The year in review: Tokyo 2020 Paralympic Games
Eight races, eight incredible Paralympic Champions, the Tokyo 2020 para triathlon racing lived up to the hype and more as one of the standout events in the Japanese capital at the end of August. Spread across two hot and humid days on the Odaiba Bay course, this was only the second edition of the Games in which para triathlon races featured on the schedule of the biggest occasion in the sport, and here’s how they were won…
Three times a World Champion, three times a European Champion, undefeated all season long… In August, the flying Frenchman Alexis Hanquinquant added a new title to his extensive collection: Paralympic Champion in the PTS4 class at the Tokyo 2020 Paralympic Games. Second over the finish line in Odaiba Bay was local hero Hideki Uda, earning Japan’s first Paralympic medal in triathlon, Spaniard Alejandro Sanchez Palomero claimed bronze.
It was Michael Taylor (GBR) and Hanquinquant who took the lead from the first strokes of the swim, opening a significant margin over the rest of the field. Once they were on their bikes, it was even more clear that Hanquinquant was a man on a mission, carving out more than two minutes of daylight while behind him, Spaniard Palomero went full gas to chase down Taylor. The Frenchman was all smiles as powered onward to claim his first ever Paralympic gold medal, almost four minutes ahead of Hideki Uda who ran himself into silver, the third place going to Palomero. Full report here.
“Today was a really hard day, with the humidity. To swim and to bike was OK, but on the run I really struggled. This is a dream for me. The people here in Japan are fantastic, always supporting. Thank you so much to everyone, and I hope to repeat this in Paris.” – ALEXIS HANQUINQUANT (FRA)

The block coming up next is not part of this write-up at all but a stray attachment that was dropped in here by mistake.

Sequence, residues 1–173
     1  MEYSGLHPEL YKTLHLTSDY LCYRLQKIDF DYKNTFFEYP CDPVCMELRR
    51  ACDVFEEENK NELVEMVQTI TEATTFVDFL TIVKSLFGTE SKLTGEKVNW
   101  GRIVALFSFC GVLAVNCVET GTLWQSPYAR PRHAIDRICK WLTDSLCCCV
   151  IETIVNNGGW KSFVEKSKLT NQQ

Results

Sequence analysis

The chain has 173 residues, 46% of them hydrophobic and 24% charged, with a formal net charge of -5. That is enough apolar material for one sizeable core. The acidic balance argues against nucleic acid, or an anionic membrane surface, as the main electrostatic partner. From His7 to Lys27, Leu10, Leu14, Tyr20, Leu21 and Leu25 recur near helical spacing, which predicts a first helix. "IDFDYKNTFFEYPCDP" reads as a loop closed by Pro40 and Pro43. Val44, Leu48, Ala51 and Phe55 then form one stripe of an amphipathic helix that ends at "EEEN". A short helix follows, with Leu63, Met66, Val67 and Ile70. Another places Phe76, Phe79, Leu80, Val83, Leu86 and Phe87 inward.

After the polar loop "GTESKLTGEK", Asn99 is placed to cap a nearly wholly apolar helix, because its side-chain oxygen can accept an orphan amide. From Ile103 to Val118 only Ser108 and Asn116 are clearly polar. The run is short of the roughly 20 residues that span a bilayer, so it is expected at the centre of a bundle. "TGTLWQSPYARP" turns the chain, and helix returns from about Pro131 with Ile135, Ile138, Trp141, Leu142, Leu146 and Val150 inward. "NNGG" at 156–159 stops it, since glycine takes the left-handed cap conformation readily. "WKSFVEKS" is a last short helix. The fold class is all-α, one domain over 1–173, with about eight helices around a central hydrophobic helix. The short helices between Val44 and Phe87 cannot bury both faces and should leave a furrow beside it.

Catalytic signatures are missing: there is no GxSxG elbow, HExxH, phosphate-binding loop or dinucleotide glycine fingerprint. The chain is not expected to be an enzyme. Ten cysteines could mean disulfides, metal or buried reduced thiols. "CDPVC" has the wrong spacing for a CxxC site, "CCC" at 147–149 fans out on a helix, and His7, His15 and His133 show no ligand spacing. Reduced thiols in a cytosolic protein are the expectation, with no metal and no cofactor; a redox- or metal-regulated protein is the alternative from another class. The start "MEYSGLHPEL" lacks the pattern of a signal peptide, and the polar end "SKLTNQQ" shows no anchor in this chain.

Allysa Seely has been a dominant force in the PTS2 class for several years, and continued to prove her immense ability in Tokyo where a powerful run to the Tokyo 2020 finish made the American the first woman to win back-to-back Paralympic Triathlon gold medals. Behind her, teammate Hailey Danz claimed the silver and Italy’s Veronica Plebani the bronze.
It was Yukako Hata (JPN) who showed magnificent swimming technique to the delight of the crowds and lead the swim but as soon as they were on their bikes, Danz, Seely, Fran Brown and Plebani forged ahead, taking turns out front to establish a gap to fifth place of almost 2 minutes by the end of the 20km ride. With 30 seconds separating that top four and only three medals to chase, it was Danz who decided to strike first, and as Brown struggled to keep in check, Seely was next to make her move, eventually passing her teammate with less than one kilometre to go and romp to gold, Danz and Plebani with silver and bronze. Full report here.
“I just can’t believe what happened this morning, it is just incredible.” – ALLYSA SEELY (USA)
PTVI WOMEN’S RACE
Susana Rodriguez B1 delivered the Paralympic gold she dreamed of by a huge 4-minute margin of victory alongside her guide Sara Loehr in Tokyo’s race for the visually impaired. Italian Anna Barbaro B1 (and guide Charlotte Bonin) finished second, Annouk Curzillat B1 with Celine Busrez (France) winning the bronze.